By Daniel Fusco, Crosswalk.com
If you're anything like I am, I love knowing what's going on in the world. I enjoy being up to date on the latest happenings. And I absolutely love having unlimited access to all the world's information at our fingertips. It's one of the cool things about being alive right now.
But there is a shadow side to everything, including all the information and news we have access to. We're all experiencing it - an overwhelming sense of anxiety has crept into our hearts and minds. For some, it's easy to identify, and for others, it is more subtle. As a culture, we are more on edge, angrier, and less hopeful than ever before. We find ourselves struggling, languishing, and desiring to escape it all.
Many people don't know how to cope with the deluge of bad news, insane events, and overwhelming mountains of distressful information coming their way. But what if I told you that you can unlock the resilience you've always wanted with a few simple guardrails? What if I told you that you can still be "up to speed" on everything while not feeling like your soul is being wrecked?
Let's take a quick journey and explore how to establish those guardrails.
Jesus invites us to live upward, inward, and outward.
When you think of everything happening in the world, it's happening outside of you. It's not happening to you directly. At the same time, whatever's happening impacts how you feel about the world and the things you're reading and hearing about. So the news of the day occurs outward, but it impacts you inwardly. The news can drive your thoughts, emotions, and mood. And then, after all that, if we have any bandwidth left, you try to frame things spiritually.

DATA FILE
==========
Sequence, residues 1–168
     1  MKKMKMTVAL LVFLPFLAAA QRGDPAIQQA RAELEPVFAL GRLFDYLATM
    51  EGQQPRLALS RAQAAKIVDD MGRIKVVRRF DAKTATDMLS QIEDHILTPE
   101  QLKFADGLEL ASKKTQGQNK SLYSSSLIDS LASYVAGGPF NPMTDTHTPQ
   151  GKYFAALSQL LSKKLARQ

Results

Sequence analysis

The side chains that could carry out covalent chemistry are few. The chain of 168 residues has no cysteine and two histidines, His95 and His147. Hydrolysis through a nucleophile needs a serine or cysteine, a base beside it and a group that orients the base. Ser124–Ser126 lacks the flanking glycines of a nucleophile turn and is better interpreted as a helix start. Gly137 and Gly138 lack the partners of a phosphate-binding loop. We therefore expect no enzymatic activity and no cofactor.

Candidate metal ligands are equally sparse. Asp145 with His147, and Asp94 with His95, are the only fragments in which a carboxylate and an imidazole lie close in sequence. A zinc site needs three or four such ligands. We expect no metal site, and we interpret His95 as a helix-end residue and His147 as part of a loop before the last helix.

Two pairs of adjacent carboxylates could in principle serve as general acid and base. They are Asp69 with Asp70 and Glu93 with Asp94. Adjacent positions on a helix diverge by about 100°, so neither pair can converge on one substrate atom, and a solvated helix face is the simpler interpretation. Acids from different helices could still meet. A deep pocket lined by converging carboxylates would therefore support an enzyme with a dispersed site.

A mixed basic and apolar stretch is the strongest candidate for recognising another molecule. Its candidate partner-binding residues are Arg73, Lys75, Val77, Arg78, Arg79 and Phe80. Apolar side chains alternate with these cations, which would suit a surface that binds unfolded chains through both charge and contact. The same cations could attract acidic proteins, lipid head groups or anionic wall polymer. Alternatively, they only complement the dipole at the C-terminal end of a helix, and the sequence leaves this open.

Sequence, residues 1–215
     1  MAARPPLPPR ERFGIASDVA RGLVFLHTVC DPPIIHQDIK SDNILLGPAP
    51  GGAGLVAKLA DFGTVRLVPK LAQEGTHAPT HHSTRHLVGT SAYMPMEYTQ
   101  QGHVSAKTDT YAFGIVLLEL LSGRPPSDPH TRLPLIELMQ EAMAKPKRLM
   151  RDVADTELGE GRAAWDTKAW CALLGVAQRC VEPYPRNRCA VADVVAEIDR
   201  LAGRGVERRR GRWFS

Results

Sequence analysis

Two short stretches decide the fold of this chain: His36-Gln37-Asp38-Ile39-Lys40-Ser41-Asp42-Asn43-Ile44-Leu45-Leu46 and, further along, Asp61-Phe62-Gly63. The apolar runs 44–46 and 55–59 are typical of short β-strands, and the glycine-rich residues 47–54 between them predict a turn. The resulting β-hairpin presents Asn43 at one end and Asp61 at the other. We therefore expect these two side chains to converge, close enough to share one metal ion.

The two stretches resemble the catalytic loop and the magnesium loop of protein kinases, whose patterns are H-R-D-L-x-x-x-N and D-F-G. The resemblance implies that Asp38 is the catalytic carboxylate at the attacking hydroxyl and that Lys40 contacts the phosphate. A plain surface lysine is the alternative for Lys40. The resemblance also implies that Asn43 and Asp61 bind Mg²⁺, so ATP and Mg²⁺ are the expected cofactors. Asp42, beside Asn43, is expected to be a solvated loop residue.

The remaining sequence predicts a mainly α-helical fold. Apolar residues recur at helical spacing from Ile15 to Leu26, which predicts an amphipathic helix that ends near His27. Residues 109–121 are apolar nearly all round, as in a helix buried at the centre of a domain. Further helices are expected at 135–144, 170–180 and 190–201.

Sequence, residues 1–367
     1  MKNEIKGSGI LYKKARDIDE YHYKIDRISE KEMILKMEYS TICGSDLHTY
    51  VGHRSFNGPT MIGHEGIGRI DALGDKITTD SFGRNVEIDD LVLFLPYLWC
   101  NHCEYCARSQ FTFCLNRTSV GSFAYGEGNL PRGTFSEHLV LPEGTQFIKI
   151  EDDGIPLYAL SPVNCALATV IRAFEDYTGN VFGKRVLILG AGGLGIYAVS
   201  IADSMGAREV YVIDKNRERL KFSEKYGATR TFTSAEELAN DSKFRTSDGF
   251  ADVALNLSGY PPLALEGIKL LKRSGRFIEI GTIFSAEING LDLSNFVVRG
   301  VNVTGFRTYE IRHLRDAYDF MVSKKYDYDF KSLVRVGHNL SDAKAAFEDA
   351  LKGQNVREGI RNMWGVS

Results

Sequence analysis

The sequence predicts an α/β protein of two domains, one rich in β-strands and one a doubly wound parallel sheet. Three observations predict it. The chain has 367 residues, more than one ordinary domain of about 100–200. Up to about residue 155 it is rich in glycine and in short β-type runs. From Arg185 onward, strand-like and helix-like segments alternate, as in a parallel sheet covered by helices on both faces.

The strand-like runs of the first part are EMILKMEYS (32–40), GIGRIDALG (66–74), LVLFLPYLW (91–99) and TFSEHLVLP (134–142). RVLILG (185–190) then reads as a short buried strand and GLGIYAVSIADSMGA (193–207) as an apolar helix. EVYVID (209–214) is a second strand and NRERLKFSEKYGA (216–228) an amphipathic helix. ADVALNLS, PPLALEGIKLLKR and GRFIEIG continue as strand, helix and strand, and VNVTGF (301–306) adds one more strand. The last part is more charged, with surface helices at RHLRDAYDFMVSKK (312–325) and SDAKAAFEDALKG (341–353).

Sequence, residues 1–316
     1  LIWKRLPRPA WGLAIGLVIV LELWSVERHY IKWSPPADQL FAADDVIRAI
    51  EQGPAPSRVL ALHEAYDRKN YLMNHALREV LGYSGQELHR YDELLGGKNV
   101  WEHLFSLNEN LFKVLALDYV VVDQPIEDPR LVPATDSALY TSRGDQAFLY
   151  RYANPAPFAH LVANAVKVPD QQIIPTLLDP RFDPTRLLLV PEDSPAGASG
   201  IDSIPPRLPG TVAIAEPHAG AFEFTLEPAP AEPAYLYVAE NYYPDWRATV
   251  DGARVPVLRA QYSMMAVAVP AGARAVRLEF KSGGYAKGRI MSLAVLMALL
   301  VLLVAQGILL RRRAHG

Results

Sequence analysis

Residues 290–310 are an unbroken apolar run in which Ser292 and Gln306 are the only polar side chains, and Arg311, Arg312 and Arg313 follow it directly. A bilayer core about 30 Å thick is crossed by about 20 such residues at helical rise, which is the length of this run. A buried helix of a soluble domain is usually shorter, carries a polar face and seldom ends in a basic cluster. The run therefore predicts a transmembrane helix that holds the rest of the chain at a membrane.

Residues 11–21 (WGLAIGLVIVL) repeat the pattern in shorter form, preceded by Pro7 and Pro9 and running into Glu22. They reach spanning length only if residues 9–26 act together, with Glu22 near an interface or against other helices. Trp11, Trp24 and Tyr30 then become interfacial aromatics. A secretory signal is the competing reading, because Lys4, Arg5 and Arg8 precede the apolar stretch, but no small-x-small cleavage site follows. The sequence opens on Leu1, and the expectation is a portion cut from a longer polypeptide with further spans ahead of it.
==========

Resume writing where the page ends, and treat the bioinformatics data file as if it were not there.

But Jesus does things differently. Instead of living outward and then allowing that to affect us inward, Jesus says we should first live upward by loving and focusing on God. Let God's love for you drive how you think, feel and act before you read or hear any news, check your Facebook feed, or swipe through Instagram. And then, after meeting with God and allowing him to tune your inward thoughts to his frequency, you are ready to move out into the world. This upward, inward, outward lifestyle comes right out of Jesus' greatest commandment in Matthew 22:36-40.
Do you see how we often have that order backward? Jesus says to live upward, inward, and outward. But left to our own devices, we end up living outward, inward, then upward. It's essential to make a plan to get up every morning and flip the order first and always!
We need to remember that a narrative is not normative.
We always tend to totalize the news stories that we hear. It's one of our coping mechanisms to help us feel safe in a chaotic, confusing world. We hear a story, and then we normalize it to everyone in a certain group. We read about something and immediately move from that one person or a small handful of people and transfer it onto everyone in a certain group. The problem is this is both unwise and unrealistic. A tragic news story is not about everyone. It's actually just about that one situation. A troubling thing that happened in one neighborhood does not necessarily relate to ours. So, let's be careful not to make every story normative for everyone. Because when we do that, we become bitter toward the world we live in. We are always looking for the worst things to happen and expecting the worst from other people. And that makes the world around us a much worse place.